A newly developed wearable sensor could soon help to detect whether someone has reached the point of ‘burnout’ by measuring cortisol levels in sweat.
The small wearable sensor developed by engineers at EPFL’s Nanoelectronic Devices Laboratory (Nanolab) and Xsensio can be placed directly on a patient’s skin to continually measure the concentration of cortisol – the main biomarker of stress – in a patient’s sweat.
The steroid hormone cortisol is produced by the adrenal glands out of cholesterol and usually controlled by the adrenocorticotropic hormone (ACTH), which is produced by the pituitary gland. When stressed, cortisol helps the body to respond, usually being secreted throughout the day according to a circadian rhythm. People who suffer from stress related diseases have their circadian rhythm thrown off and the body can then produce too much or too little cortisol, leading to heart disease, depression, and burnout.
Amounts of cortisol can be detected in sweat, so Adrian Ionescu, head of Nanolab, developed a wearable smart patch with a miniaturised sensor, containing a transistor and an electrode made from graphene.The graphene is functionalised through aptamers, which are short fragments of single-stranded DNA or RNA that can bind to specific compounds. The aptamer in the patch carries a negative charge, so, when it encounters cortisol, it immediately captures the hormone, causing the strands to fold onto themselves and bringing the charge closer to the electrode surface.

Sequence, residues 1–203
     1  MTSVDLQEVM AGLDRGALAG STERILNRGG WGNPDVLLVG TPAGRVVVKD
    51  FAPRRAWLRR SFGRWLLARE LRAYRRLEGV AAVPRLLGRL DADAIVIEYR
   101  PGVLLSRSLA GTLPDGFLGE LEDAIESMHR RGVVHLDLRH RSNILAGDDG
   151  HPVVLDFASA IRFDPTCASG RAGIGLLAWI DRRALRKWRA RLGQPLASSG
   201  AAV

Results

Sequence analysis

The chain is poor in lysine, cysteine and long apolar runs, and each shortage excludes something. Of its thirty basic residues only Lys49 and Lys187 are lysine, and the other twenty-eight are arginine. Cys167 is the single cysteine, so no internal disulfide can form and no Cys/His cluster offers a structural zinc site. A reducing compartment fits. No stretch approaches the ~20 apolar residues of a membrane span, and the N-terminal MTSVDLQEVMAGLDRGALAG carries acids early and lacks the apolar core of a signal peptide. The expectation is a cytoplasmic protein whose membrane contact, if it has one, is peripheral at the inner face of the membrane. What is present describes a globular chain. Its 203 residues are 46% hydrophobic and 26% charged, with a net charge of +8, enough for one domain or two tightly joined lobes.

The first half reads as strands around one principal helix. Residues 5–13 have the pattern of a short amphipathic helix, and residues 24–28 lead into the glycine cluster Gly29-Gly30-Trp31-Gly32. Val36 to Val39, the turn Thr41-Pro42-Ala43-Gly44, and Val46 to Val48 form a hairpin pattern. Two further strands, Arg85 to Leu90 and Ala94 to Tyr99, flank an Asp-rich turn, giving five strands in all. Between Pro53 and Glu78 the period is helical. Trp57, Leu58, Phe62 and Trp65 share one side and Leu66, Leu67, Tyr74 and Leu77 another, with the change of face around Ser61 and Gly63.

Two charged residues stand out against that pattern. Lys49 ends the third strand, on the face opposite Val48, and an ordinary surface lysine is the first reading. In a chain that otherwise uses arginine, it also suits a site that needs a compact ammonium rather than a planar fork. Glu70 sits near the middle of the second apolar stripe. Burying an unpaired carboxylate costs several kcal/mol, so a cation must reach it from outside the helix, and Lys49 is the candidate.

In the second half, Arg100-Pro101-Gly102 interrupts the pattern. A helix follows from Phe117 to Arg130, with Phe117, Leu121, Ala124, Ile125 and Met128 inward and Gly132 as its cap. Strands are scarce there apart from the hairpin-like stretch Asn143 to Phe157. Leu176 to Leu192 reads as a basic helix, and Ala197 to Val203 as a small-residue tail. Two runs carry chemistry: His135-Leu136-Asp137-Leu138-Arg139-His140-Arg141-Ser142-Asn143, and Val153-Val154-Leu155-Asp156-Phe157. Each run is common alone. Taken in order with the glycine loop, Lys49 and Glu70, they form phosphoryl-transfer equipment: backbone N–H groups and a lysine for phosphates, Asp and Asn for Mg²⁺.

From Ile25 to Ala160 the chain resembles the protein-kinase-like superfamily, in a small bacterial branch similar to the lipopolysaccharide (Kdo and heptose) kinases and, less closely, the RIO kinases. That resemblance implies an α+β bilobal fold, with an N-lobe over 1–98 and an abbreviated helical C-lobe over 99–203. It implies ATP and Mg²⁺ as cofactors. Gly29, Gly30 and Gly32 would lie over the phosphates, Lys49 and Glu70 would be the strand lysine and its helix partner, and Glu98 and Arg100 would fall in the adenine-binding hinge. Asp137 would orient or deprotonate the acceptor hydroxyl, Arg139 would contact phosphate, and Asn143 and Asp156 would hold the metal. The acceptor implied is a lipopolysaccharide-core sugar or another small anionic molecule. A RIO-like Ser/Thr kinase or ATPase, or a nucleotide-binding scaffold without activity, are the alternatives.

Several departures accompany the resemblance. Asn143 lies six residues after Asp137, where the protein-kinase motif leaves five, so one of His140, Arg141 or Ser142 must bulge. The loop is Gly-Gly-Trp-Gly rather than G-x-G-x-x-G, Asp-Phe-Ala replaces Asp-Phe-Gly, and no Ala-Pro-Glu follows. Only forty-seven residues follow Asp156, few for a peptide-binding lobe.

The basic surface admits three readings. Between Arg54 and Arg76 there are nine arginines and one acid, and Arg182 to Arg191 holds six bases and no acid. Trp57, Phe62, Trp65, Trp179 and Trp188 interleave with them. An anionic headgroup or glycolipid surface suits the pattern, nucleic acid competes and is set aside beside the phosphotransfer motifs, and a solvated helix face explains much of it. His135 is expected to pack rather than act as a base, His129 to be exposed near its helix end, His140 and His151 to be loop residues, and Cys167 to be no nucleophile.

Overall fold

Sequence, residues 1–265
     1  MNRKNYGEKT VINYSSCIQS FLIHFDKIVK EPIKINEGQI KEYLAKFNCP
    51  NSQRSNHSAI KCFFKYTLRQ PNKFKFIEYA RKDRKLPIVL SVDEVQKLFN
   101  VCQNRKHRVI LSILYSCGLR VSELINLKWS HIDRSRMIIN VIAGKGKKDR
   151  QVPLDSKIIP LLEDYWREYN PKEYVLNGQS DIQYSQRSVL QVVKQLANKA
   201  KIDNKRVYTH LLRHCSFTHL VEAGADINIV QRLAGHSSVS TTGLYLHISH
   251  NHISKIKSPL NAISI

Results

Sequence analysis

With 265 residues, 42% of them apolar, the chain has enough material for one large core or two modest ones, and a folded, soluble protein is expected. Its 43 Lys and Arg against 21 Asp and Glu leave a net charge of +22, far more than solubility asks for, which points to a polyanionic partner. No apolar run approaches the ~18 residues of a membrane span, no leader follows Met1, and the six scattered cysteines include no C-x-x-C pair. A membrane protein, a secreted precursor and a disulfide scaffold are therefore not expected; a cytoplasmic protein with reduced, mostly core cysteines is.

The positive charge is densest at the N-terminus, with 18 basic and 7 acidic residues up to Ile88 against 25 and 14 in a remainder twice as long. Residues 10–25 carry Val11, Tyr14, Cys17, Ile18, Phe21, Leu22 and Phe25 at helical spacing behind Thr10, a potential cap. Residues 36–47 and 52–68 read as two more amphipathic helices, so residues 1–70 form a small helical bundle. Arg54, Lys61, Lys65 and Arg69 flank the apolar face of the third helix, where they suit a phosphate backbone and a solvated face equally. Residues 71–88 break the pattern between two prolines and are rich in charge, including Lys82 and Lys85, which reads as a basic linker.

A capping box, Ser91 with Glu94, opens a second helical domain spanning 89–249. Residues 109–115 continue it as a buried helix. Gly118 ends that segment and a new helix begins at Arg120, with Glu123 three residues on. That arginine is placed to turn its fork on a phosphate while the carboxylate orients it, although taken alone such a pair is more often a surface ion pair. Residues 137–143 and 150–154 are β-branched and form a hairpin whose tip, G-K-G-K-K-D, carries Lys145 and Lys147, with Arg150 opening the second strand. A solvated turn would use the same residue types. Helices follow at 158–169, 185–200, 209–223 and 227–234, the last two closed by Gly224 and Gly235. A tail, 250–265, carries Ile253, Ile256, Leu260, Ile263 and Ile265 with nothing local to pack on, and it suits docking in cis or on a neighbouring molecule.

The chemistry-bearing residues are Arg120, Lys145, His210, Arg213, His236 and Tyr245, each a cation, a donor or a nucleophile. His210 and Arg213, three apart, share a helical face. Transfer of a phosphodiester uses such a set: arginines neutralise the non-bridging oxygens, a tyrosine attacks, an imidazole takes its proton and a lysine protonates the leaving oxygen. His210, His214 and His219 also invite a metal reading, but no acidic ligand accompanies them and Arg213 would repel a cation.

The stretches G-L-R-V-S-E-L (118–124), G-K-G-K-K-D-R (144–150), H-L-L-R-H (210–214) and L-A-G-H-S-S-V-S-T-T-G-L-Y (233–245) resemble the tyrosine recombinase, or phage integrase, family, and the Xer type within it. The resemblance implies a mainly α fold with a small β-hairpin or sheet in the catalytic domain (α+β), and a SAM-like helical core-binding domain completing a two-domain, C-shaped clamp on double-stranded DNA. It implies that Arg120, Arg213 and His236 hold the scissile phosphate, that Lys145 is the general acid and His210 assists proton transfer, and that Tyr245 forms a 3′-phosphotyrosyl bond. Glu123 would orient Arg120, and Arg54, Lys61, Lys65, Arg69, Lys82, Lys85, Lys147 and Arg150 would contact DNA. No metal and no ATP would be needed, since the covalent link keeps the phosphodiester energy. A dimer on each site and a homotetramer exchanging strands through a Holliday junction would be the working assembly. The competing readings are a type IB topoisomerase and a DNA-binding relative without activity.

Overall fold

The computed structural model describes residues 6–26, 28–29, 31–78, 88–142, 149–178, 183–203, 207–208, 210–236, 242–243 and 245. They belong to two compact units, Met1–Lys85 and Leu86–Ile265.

The device then detects the charge and is consequently able to measure the cortisol concentration in the wearer’s sweat, allowing for monitoring of cortisol concentrations continuously throughout the circadian cycle.
Ionescu said: “That’s the key advantage and innovative feature of our device. Because it can be worn, scientists can collect quantitative, objective data on certain stress-related diseases. And they can do so in a non-invasive, precise and instantaneous manner over the full range of cortisol concentrations in human sweat.”
Esmeralda Megally, CEO of Xsensio, says: ” We look forward to testing this new sensor in a hospital setting and unlocking new insight into how our body works.”
The sensor will be tested on patients with Cushing’s syndrome, Addison’s disease, and stress-related obesity by staff of Professor Nelly Pitteloud, who is chief of endocrinology, diabetes, and metabolism at the Lausanne University Hospital (CHUV).
For psychological diseases caused by too much stress, Ionescu said: “For now, they are assessed based only on patients’ perceptions and states of mind, which are often subjective. So, having a reliable, wearable system can help doctors objectively quantify whether a patient is suffering from depression or burnout, for example, and whether their treatment is effective.
“What’s more, doctors would have that information in real time. That would mark a major step forward in the understanding of these diseases.”